I changed tactics for Thursday’s synchronous session: have students create a collective works cited page for the Expository Writing Discussion Board.

During the synchronous session, students were able to use the links and interact with the notebook. Only one student effectively completed the assignment. Now that more students have posted to the discussion board, I’ll advertise this activity again and hopefully students will contribute. This will also be a good place for students to post their rough drafts for other students to comment. Before I do this, however, I’ll have to lay out some guidelines.

The Synchronous Session

This week I saw students struggling with writing effective summaries and creating graphic organizers. I wanted to address these weaknesses during the synchronous session and also review MLA format and share how to use EasyBib.

mla practice fallTo review MLA format, I created the following “Token” activity this summer. After playing, I quizzed the students. Since part of my job as an online teacher is also teaching how to use various Internet tools, I showed them EasyBib. Out of the two students, one had previous experience and knew what to do, the other, not so much. I chose not to move on until I was confident the student could use EasyBib, and in hindsight, I’m not sure this was the best move. I waited 20 minutes for what I had planned for 5, and all the student posted on OneNote was the article’s link. Now, days later, that student has not followed-up either by posting to the discussion board or by posting the correct citation on OneNote. Is this evidence of not understanding or apathy? I’m not sure.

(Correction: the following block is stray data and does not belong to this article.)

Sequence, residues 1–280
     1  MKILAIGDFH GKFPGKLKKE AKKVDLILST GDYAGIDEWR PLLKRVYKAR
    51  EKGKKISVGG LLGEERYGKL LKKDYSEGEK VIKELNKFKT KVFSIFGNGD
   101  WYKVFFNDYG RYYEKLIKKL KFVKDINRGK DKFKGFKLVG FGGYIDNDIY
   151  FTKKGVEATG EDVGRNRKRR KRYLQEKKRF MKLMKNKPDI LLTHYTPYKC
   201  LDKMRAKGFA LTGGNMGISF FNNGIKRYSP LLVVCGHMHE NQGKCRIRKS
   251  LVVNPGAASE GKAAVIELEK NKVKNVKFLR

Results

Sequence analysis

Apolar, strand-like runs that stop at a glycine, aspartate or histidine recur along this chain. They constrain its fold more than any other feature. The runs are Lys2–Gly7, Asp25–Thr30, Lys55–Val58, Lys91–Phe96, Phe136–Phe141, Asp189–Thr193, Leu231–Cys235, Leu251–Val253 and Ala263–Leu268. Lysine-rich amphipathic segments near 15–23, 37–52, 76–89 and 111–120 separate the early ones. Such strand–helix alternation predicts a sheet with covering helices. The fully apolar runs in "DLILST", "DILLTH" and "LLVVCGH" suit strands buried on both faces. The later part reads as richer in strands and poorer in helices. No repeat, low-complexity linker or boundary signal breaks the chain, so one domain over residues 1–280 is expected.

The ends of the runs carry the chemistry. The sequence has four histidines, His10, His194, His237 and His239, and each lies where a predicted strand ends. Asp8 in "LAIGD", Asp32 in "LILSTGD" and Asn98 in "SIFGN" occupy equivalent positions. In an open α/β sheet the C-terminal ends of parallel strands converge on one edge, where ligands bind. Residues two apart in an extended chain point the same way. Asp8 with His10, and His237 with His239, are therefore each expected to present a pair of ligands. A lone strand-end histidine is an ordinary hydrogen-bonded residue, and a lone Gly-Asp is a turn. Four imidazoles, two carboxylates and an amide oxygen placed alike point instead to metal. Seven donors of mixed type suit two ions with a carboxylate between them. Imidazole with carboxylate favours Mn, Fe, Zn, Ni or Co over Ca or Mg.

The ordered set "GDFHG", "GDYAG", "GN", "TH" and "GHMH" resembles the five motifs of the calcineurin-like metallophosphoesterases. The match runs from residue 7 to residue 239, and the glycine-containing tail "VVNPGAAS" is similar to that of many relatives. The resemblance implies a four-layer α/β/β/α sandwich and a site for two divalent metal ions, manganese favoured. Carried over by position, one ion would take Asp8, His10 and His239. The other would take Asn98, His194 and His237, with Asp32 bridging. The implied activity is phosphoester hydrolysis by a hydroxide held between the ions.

Gist practiceTo teach summarizing, I taught how to create a GIST statement. The hard part of writing a GIST statement is cramming who, what, when, where and why of an article (or paragraph) into 20 to 25 words. If students could successfully pare down their summaries, then they would be able to expand these same summaries into six to eight sentences for their discussion board summary. I’d almost be a relief to be allowed to write so many words! Or students could write GIST statements for each of the paragraphs and form their article summary that way. There was enough time to teach the concept and practice with the first paragraph. After running out of time, I dumped the activity into OneNote and called it extra credit. So far, no takers.

Gist practice 2

Finally, since I ran out of time for the graphic organizer, I’ll save it for the next session.

Weekly Wins

  • Improved responses on the Discussion Board
  • Collaboration during the synchronous session

Action Plan

  • Use OneNote for students to share their rough drafts and get feedback on their rough drafts
  • Set up norms for OneNote
  • Encourage more interaction between students (through the pager? Through OneNote)
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One Response to This Week @gavirtual

  1. Pingback: Talking Discussion Boards @GAVirtual | Kinetic ED